© Unsplash/Sargent Seal
It's almost the end for WeWork. The largest coworking company and 2nd American unicorn in history has just announced its filing for bankruptcy.
For sector experts, this news is not really a surprise. The company founded by Adam Neumann has already suffered several setbacks, notably in 2019, narrowly saved from bankruptcy.
How could a company valued at $47 billion also collapse? quickly? Answers in 5 key dates in the history of WeWork.
While coworking is not really democratized, Adam Neumann, an entrepreneur previously unknown, founded the company The We Company with his friend Miguel McKelvey.
Like Steve Jobs and Steve Wozniak, Adam Neumann takes on the role of charismatic leader while Miguel McKelvey manages operations. Their concept is simple: in a world where self-employment and start-ups are growing, renting office space is too expensive. Their solution: rent giant offices to share with several very small companies and self-employed workers for a rather expensive monthly rent (650 euros per month in Paris for example).
They aim for a premium service with premises located in the most exclusive districts of the world's major capitals and luxury services. The first WeWork is born in New York and shakes up the coworking market.
In August 2017, WeWork had 2,000 employees and 130,000 daily users spread across 260 open spaces in 16 countries (including Paris Lafayette in France, office opened in 2016).
To continue its development, the start-up needs funds. Lots of funds. Softbank, partner of the unicorn, then decided to invest $4.4 billion, bringing its stake to $7.4 billion. At that date, WeWork was valued at $20 billion.
In August 2018, Softbank came back with an additional $1 billion, then $3 billion in November. the same year for payments scheduled for January and April 2019.
These investments mainly allow WeWork to continue to expand throughout the world while still providing premium services. This is for the official version.
In reality, the company is also preparing an IPO and is therefore seeking to increase its valuation before this operation. Less gloriously, the company's operating costs explode, notably because of the lifestyle of Adam Neumann and his wife, who do not hesitate to draw on the start-up's resources to finance sometimes risky projects. .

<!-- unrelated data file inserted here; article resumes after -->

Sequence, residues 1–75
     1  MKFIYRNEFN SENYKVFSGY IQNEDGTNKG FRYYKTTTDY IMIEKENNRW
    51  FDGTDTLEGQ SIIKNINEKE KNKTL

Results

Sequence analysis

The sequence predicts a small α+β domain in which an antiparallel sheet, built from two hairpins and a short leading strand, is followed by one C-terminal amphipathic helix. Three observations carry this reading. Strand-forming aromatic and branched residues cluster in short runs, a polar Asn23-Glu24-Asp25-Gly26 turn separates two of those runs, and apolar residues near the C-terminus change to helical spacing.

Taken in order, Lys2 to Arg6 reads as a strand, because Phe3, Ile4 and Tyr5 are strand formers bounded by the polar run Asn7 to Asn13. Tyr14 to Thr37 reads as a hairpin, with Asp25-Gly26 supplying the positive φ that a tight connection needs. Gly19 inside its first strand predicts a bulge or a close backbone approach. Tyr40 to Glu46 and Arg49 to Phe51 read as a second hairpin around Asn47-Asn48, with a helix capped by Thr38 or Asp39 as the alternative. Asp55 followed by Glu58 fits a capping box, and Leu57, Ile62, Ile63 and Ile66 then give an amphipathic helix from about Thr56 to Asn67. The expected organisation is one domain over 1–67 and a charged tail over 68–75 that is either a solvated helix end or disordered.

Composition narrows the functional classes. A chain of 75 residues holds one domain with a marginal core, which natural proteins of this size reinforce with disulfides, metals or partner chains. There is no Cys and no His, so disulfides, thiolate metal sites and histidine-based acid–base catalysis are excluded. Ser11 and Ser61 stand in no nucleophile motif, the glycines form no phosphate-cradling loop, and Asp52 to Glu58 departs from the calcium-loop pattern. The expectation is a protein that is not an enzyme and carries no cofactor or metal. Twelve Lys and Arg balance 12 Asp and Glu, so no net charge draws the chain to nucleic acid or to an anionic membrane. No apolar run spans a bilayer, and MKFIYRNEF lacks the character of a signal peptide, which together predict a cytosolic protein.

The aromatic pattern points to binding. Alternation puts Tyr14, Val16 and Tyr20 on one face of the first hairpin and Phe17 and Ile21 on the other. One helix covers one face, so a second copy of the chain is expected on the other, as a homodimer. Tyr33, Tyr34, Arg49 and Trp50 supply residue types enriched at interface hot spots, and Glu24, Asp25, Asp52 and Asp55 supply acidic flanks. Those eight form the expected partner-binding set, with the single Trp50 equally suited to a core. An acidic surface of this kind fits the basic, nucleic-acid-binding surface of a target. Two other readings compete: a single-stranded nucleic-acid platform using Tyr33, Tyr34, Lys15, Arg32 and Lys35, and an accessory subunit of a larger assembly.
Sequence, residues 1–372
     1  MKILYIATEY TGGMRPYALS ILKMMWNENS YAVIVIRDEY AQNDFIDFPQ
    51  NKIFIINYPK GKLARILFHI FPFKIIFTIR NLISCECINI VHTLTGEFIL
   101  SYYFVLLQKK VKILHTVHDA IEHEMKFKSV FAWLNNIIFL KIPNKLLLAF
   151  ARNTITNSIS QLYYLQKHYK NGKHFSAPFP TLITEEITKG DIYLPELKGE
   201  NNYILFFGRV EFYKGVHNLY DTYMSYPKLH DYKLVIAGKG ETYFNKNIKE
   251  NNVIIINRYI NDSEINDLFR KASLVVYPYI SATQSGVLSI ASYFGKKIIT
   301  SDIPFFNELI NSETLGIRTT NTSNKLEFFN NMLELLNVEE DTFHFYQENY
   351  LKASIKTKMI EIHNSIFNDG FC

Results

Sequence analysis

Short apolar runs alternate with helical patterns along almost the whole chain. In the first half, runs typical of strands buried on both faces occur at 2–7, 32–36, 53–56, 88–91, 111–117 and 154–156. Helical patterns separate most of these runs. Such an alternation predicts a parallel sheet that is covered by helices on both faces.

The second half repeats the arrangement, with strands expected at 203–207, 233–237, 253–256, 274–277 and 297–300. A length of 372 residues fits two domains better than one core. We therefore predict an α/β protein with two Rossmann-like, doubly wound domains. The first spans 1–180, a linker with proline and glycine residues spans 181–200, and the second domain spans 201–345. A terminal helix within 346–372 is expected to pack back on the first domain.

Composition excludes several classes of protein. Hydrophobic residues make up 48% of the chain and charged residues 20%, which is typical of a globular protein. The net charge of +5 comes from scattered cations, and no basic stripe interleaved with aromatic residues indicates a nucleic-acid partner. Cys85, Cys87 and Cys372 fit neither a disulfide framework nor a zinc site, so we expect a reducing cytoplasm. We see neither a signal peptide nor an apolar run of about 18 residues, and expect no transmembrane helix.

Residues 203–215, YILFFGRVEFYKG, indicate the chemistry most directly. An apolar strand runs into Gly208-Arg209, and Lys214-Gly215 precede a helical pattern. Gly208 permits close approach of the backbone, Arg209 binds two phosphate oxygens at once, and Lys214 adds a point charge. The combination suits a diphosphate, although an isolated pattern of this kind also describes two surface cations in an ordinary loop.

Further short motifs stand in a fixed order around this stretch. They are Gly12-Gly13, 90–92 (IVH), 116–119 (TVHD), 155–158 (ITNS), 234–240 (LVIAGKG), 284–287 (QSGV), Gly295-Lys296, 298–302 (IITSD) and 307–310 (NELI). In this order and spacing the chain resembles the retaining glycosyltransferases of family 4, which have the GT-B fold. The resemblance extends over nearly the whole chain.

Obviously, these strange operations did not remain without consequences. In October 2019, when it was due to go public, WeWork gave up. In question, the enormous deficits camouflaged by Adam Neumann, an uncertain economic model (with prohibitive prices) as well as ineffective management.
The cancellation of the IPO has the effect of a bombshell. The start-up loses half of its valuation. While it had peaked at 47 billion dollars, it is now only 8 billion. Adam Neumann is fired and Softbank, which controlled a third of the capital, injects an additional 10 billion to take control of the company.
Without this investment, WeWork could already have been bankrupt.The rescue of Softbank will not prevent the company from laying off 2,400 people out of the existing 12,500 as well as transferring 1,000 employees to subcontractors. Shortly after, Miguel McKelvey left the company.
After suffering the effects of the Covid crisis confinements, WeWork finally made its IPO via the merger with a SPAC (special purpose acquisition company). It raised $420 million and was valued at $9 billion at that time.
Indebted, WeWork survives thanks to a restructuring planestablished with creditors. Above all, analysts no longer really believe in the economic model of the start-up which has not really changed its strategy. The ouster of Adam Neumann will not have changed anything.
At the end of March 2023, WeWork is valued at less than a billion dollars. The company explains that it renegotiated $1.5 billion of its debt, increasing it to $2 billion. Five months later, WeWork is only valued at $280 million. In addition to paying for the mistakes of the past, the company had to face the Covid crisis, a complex macro-economic context as well as the development of teleworking.
WeWork then announces a final plan of restructuring with layoffs, the sale of loss-making offices or even the issuance of debt. But as of November 1, 2023, WeWork's valuation continues to plummet, falling to $64 million, as the company has not repaid its creditors.
As announced by Wall Street Journal, WeWork has just announced its bankruptcy.